Don’t look for Wittering Church in the popular church books: you will be wasting your time. If ever a church’s merits went unrecognised then that church is Wittering. We only discovered it through “A Guide to Anglo-Saxon Sites” by Nigel and Mary Kerr, just as we discovered Barton-le-Street St Michael’s Church through their similarly-named book about Norman sites. For some years the benefice was not filled but now, thankfully it is and you can borrow the enormous church key from the nice people in the nearby Post Office.
You may have heard of Wittering. Just south of Stamford on the A1, Wittering is famous for its RAF base and until December 2010 was the “Home of the Harrier”. It is a town dominated by the airfield and its ugly housing estates: but sitting there on its edge, unknown even to many people in the area, is its largely Saxon parish church! The rector, David Maylor told me that they found a plague pit near the church when some work was being done. It seems likely that the villagers moved further away and left the church on the periphery of the village.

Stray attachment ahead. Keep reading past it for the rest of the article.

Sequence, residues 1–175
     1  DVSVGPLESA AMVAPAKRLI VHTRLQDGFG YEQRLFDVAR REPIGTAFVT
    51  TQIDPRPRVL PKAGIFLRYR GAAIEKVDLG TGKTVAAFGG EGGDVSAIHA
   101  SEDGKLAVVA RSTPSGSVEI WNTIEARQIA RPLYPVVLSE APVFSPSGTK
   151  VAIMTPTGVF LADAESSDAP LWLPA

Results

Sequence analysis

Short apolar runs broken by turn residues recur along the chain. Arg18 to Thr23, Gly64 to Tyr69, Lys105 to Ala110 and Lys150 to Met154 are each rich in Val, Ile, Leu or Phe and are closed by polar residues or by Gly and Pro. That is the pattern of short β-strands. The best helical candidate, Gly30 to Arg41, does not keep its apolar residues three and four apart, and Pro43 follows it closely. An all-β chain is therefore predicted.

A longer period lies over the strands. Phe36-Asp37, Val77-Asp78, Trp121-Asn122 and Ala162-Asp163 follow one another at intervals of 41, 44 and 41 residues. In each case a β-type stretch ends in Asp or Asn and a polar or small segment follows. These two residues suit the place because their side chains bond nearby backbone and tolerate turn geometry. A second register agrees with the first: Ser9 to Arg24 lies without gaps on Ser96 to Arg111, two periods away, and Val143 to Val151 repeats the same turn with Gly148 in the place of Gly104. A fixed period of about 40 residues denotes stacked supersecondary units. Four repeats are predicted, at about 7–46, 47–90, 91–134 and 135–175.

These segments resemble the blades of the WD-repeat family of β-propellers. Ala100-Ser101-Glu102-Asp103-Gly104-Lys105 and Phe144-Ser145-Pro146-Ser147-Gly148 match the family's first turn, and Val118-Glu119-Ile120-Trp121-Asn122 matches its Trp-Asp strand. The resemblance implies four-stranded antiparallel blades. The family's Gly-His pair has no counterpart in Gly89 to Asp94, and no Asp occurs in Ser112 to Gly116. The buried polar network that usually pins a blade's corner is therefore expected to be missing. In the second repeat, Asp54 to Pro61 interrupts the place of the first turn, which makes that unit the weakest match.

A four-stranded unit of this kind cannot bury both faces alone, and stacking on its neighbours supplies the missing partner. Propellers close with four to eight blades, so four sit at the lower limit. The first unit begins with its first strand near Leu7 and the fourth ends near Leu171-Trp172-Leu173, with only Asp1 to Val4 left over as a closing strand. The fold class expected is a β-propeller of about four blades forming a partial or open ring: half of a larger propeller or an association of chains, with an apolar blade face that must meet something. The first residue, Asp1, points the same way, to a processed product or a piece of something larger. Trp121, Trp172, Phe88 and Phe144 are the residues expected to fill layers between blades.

The church is essentially a two-cell Saxon core with a Norman arcade leading to a north aisle and chapel. Its tower is late c13/early c14..
The real gem is the enormous and imposing Saxon chancel arch. It still looks incredibly fresh. It also looks far too big for the church, even allowing for the lofty structures favoured by Saxon church builders